To combat the negative environmental impact of cow urine, researchers in Germany and New Zealand decided to try something radical: potty-training calves.
“It’s usually assumed that cattle are not capable of controlling defecation or urination,” co-author Jan Langbein said in a press release. “Cattle, like many other animals or farm animals are quite clever and they can learn a lot. Why shouldn’t they be able to learn how to use a toilet?”
The challenge: A single cow can produce about 8 gallons of urine every day. When you multiply that by the more than one billion cows roaming the planet, you get a lot of urine — and right now, there really isn’t a good place for it to go.
When cows are in pastures, their urine can contaminate water and soil and produce the highly potent greenhouse gas nitrous oxide. But if they’re confined to barns, cow urine mixes with the animals’ feces, producing ammonia, which can also affect air quality and water.
The MooLoo: To address this issue, the researchers wanted to see if it was possible to train cows to urinate in one specific spot.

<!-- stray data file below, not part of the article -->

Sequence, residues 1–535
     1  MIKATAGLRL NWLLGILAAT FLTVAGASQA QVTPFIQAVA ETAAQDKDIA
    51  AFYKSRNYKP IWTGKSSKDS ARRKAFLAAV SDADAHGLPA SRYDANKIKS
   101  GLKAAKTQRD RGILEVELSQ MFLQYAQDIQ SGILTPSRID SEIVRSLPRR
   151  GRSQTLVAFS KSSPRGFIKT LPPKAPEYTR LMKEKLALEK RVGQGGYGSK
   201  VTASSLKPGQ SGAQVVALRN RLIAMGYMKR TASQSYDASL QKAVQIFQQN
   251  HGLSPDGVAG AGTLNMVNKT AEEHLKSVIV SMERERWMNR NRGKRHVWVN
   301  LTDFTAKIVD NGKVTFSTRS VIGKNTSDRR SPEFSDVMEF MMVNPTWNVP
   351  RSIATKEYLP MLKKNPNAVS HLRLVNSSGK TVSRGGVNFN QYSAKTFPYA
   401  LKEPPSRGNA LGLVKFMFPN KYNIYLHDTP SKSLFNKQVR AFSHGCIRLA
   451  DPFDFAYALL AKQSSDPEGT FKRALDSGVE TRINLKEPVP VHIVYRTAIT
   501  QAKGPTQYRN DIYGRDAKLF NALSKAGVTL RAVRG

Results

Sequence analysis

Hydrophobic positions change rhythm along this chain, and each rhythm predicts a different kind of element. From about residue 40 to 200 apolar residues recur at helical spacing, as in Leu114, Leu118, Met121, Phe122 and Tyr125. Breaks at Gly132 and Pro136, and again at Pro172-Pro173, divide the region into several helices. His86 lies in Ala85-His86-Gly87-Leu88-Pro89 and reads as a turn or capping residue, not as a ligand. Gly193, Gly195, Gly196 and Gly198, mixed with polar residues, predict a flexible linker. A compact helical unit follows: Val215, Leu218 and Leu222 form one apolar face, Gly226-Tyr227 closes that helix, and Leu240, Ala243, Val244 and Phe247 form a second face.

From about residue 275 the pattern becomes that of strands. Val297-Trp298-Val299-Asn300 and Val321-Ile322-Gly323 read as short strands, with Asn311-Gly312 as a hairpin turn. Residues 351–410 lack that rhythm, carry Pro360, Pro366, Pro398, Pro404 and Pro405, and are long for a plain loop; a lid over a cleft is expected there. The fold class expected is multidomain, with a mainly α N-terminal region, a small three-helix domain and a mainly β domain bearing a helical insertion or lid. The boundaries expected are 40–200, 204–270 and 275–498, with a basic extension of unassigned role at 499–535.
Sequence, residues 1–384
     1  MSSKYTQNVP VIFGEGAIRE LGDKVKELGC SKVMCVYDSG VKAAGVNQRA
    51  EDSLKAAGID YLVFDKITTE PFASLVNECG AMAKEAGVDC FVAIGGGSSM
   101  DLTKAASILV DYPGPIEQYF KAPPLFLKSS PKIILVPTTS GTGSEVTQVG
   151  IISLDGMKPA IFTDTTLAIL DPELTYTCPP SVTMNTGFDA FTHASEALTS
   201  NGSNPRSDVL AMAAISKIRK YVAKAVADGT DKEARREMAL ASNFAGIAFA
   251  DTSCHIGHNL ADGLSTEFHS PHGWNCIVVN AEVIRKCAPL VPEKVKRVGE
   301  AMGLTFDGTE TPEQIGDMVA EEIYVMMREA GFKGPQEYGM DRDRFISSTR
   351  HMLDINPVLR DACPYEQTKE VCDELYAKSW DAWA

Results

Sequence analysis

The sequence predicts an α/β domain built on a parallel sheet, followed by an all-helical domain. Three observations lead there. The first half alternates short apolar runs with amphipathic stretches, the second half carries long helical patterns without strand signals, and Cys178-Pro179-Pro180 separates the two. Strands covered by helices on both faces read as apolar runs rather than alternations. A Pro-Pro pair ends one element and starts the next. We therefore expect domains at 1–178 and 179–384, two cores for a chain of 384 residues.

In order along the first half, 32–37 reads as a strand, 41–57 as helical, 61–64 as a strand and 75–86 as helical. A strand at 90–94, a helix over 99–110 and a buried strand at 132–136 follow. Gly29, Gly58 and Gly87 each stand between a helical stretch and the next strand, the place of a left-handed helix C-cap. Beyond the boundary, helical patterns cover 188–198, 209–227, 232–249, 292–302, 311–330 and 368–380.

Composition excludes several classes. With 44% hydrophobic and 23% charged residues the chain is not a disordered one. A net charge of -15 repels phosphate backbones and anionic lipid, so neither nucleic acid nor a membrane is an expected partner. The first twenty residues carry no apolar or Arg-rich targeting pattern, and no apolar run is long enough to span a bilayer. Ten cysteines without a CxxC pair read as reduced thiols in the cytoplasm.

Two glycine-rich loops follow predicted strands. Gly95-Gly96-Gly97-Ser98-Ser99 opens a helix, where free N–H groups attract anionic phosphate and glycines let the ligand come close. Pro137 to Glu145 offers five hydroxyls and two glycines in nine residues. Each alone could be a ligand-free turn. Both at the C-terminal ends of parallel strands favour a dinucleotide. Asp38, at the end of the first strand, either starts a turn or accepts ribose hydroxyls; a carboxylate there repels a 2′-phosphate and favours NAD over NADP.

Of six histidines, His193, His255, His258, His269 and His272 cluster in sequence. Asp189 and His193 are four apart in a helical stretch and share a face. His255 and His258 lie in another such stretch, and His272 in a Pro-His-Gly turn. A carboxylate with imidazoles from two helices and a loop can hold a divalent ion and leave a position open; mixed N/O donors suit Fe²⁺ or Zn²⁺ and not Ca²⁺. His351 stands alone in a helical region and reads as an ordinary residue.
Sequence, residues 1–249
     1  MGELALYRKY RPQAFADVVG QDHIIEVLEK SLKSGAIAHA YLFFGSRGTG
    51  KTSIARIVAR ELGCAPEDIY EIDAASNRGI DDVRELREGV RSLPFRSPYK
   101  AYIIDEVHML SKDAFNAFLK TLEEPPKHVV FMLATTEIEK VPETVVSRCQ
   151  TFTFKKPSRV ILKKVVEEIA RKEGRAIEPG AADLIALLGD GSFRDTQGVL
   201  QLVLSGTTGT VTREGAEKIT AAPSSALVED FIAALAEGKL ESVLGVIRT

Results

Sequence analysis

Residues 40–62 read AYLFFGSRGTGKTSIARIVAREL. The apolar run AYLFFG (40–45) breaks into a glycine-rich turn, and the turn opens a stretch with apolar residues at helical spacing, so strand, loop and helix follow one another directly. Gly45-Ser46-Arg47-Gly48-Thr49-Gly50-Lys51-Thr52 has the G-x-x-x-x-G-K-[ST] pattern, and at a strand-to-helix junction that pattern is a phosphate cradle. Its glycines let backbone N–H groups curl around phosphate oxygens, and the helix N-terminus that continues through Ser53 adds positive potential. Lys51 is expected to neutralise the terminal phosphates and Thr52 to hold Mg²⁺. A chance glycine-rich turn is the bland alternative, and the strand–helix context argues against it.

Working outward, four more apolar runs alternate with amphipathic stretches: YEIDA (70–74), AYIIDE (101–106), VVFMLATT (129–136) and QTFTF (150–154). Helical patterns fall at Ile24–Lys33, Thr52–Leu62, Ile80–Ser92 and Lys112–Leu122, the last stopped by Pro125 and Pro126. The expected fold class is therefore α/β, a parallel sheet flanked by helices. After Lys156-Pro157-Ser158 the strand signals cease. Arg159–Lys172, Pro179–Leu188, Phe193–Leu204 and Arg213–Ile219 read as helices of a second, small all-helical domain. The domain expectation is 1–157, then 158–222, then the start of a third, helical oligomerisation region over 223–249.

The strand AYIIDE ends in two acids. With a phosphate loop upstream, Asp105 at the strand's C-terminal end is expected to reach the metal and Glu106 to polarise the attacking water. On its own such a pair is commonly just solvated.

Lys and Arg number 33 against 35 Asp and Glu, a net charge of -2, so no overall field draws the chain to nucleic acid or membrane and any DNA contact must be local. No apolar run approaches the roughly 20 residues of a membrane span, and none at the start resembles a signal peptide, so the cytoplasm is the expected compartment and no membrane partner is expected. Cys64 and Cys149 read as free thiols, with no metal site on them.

They started their training by confining 16 calves in a latrine area (the “MooLoo”) and rewarding the animals with a snack every time they urinated. They then allowed the calves to roam in and out of the latrine.
“The cows are at least as quick to learn as two- to four-year-old children.”Lindsay Matthews
At first, the calves kept going back to the latrine in the hope of getting a reward, but they soon learned a treat was only given if they urinated. To discourage urination outside the MooLoo, meanwhile, calves that had “accidents” would receive a mild spray of water.
The researchers worked with each of the calves for about 45 minutes every other day, and within a few weeks, 11 of the 16 animals were successfully trained to use the latrine.
“The cows are at least as good as children, age 2 to 4 years, at least as quick,” study senior author Lindsay Matthews told ABC News.
The next steps: Now that the researchers know cows can learn to urinate in dedicated areas, the next step is scaling up the training — and they’ve already identified two hurdles they’ll need to overcome to do that.
First, they’ll need to figure out how to automatically reward cows for urinating where they’re supposed to — some cow urine sensors in a latrine could help with that. They’ll also need to determine the ideal quantity of latrines based on farm size and where they should be located.
It’d likely be impossible to toilet-train every cow, but if even a fraction of the world’s cow urine was confined to latrines, it could have a significant environmental impact.
“If we could collect 10% or 20% of urinations, it would be sufficient to reduce greenhouse gas emissions and nitrate leaching significantly,” researcher Douglas Elliffe told Bloomberg. “We’ve shown proof of concept that we can train cows and train them easily.”
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